Birding in Africa

108Bridwatching Tanzania 3 (2)

If you watched the last Attenborough Africa program last week, (and the finale is tonight) amongst many other great scenes was the swallows crossing the vast Sahara, dependent on finding the one oasis to stock up on flies to continue their journey.

It’s truly astounding how many birds make just this passage each year, some crossing the vast expanse of sand to the west, others following the rockier, but just as dry, path down the Great Rift Valley to the east, but either way, they join the already amazing array of colourful and extravagantly wonderful birds that make up Africa’s birding list.                                                           .

At any time of the year birding in Africa is one of its real pleasures, I don’t think there’s anywhere in the world where so many different species of wonderfully varied and numerous species can be so easliy seen.  I once sat by a river in a national park in a rainforest in Borneo, after two hours of watching I’d seen one species, admittedly a very interesting gull-billed kingfisher, but sitting by a similar river in East Africa would have produced 10 or 20 times that number!

Even the most avowed ‘non-twitchers’ when sat in front of a marsh full of egrets, African spoonbills, storks, ducks, huge spurwing geese, with African fish eagles overhead, start ticking them off with the best of them!  It is truly one of the pleasures of being on safari.

And if you come when those migrants are down from the north, the cuckoos and the waders, the harriers and the storks, when the red-chested cuckoo calls all day and the soft prrrp of the scops owl calls all night, there is nowhere quite like it!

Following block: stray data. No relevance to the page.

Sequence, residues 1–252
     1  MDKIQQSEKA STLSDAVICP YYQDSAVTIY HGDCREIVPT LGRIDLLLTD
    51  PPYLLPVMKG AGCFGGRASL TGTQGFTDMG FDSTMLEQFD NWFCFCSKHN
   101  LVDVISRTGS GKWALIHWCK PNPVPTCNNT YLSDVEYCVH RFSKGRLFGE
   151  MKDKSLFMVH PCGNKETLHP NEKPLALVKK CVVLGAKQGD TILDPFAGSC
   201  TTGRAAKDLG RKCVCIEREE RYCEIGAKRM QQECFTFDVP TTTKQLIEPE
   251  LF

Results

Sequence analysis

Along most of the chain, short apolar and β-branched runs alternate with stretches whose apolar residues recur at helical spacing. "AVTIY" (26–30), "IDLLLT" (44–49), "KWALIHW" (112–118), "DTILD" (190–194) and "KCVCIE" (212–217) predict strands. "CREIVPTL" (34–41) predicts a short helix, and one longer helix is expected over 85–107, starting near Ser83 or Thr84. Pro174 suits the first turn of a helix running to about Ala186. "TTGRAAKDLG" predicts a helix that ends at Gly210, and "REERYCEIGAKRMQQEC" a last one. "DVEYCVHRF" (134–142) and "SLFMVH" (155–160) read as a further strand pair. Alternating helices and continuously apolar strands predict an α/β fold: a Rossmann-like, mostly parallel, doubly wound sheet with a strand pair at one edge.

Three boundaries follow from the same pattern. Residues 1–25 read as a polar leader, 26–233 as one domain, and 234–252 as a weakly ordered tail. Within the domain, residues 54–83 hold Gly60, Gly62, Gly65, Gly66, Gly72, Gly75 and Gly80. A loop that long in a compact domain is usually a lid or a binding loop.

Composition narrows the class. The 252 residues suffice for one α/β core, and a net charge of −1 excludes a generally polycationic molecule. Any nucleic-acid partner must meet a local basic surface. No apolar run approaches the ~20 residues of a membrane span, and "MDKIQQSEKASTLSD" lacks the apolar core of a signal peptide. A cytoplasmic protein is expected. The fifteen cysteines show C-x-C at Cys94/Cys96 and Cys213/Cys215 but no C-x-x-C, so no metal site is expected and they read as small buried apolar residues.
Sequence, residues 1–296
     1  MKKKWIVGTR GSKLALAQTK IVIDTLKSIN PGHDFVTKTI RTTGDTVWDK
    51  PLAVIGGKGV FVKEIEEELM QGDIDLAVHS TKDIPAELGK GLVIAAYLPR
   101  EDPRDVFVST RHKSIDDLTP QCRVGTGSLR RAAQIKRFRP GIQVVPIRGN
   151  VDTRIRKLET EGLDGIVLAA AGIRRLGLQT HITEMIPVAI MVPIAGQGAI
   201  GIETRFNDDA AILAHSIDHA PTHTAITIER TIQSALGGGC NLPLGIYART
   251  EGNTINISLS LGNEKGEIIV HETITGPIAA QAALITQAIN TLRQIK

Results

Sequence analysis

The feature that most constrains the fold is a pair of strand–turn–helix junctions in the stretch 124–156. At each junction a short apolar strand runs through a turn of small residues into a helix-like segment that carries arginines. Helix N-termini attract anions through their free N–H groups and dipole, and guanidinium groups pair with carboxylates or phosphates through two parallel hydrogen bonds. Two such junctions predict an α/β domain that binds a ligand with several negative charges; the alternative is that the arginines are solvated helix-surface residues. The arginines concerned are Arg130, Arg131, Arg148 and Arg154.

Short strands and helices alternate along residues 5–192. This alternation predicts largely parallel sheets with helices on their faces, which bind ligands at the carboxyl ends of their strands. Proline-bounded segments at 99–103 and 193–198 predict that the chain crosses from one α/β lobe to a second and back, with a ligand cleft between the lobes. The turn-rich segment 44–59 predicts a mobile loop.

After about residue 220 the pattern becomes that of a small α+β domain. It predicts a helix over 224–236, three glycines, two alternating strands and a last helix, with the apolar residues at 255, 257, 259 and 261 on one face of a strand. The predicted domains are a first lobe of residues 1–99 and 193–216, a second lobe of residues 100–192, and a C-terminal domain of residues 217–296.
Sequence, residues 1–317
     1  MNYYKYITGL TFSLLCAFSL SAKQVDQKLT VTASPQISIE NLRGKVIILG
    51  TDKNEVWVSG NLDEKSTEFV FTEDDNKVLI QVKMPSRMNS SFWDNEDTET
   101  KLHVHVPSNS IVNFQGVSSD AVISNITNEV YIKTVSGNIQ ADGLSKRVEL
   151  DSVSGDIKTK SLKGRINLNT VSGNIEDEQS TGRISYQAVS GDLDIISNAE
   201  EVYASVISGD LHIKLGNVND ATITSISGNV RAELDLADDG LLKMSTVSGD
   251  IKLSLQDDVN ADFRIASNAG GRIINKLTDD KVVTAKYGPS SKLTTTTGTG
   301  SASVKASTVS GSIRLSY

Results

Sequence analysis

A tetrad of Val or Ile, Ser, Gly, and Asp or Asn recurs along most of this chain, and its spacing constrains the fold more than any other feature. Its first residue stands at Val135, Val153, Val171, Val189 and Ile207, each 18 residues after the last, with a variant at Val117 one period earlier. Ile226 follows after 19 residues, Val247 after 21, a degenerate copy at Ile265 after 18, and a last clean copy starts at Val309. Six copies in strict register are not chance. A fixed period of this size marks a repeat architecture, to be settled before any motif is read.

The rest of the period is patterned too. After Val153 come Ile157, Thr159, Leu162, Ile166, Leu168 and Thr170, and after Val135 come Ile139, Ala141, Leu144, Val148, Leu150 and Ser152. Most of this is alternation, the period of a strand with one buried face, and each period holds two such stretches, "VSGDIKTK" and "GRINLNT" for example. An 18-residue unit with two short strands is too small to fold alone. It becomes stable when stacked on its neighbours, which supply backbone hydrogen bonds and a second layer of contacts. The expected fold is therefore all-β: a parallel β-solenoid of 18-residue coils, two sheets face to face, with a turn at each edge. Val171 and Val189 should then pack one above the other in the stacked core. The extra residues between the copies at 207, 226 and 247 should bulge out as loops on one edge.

Cormorants and pelicans in huge numbers!

Bridwatching Tanzania 3

Abdim’s storks – an intra-Africa migrant, usually found with European white storks.

If you missed the show you can catch it on BBC iPlayer:
If you’re dreaming of your own African adventure, make sure you visit my website
Or give me a call on 01743 850043

About ajourneyintoafrica

I’ve both lived and worked in Africa in the safari industry and now have over 32 years of safari experience. I first visited Africa as an 18 year old, when I developed a huge interest and love for the continent. I led my first safari in 1986, after gaining an environmental science degree from London University, and have always been captivated by Africa’s animal and bird-life, by its huge horizons and wide open spaces, and by its people and cultures.

2 responses to “Birding in Africa

  1. Hi Andrew

    I’m loving your new blog! Keep up the good work.

    After spending some time with you in Africa last year, I now blame you for turning me into a beginning ‘twitcher’. I was, and still are, amazed at your skills of identifying the birds that you saw and also knowing a lot about the back story. You are a definite inspiration.

    Simon Hunt

Leave a Reply

Fill in your details below or click an icon to log in: Logo

You are commenting using your account. Log Out /  Change )

Facebook photo

You are commenting using your Facebook account. Log Out /  Change )

Connecting to %s

%d bloggers like this: